Sen. Edward Kennedy, D-Mass., donated to charity $16,500 he received for appearing on "Face Off," a daily radio show he's done since 1984.

Meanwhile, radio commentaries by Sen. John McCain, R-Ariz., for The Broadcast Group -- about 300 recorded during the year -- netted him $16,500.

While congressional gift rules have tightened, senators still may accept presents. The American-Iranian Council presented Sen. Chuck Hagel, R-Neb., with a $350 clock, which he keeps in his Senate office.

Sen. Thad Cochran, R-Miss., received cowboy boots valued at $250 from Lester Spell of Jackson, Miss.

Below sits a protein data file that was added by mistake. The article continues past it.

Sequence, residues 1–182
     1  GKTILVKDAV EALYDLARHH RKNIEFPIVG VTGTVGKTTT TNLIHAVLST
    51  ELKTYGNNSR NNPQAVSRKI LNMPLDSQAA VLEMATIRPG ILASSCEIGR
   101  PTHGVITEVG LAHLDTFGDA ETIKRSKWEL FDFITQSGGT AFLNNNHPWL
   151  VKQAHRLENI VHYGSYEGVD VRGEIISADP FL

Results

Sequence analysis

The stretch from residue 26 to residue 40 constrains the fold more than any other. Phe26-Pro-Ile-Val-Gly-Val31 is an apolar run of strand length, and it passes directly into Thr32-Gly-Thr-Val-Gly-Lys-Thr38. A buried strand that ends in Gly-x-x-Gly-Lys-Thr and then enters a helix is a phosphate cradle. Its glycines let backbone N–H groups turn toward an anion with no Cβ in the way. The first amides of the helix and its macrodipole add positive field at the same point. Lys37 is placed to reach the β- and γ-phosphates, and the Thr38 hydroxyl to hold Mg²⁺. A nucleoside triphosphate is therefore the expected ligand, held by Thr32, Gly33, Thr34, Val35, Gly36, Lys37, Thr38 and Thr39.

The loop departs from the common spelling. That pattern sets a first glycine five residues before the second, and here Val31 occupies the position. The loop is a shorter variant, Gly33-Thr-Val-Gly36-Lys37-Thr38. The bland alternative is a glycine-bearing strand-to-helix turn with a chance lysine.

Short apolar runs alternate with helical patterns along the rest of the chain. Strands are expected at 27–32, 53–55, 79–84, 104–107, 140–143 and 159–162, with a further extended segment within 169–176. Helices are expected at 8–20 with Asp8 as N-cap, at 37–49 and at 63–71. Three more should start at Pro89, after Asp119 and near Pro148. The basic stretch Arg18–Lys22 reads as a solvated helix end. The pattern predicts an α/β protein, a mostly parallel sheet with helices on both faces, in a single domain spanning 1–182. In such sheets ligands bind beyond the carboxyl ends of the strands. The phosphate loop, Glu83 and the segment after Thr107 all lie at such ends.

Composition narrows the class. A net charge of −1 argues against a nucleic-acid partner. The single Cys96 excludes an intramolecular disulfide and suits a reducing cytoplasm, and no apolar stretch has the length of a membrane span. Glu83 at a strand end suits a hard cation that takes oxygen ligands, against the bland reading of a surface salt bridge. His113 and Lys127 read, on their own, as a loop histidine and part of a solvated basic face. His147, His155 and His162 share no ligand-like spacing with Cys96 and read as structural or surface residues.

Sen. Richard Shelby, R-Ala., may get the award for worst Senate stock picker of 2002. His only reported stock holdings were in three companies, all of which fell on hard times. His 2,200 shares of Global Crossing and 810 shares of WorldCom -- both of which have filed for bankruptcy -- were worth between nothing and $1,000 each. His paper losses on the two companies were at least $65,000, according to purchase prices reported in earlier disclosures.

Shelby valued his 100 shares of AOL at between $1,000 and $15,000. Meanwhile, he reported, his wife owned shares in Cisco Systems, whose stock crashed in the technology sell-off.

Elsewhere, however, Shelby's real estate investments have more than compensated. His holdings in an apartment complex were worth $5 million to $25 million.

House financial disclosure reports will be released Monday.

-- Staff writers Thomas B. Edsall and Juliet Eilperin and researchers Alice Crites and Lucy Shackleford contributed to this article.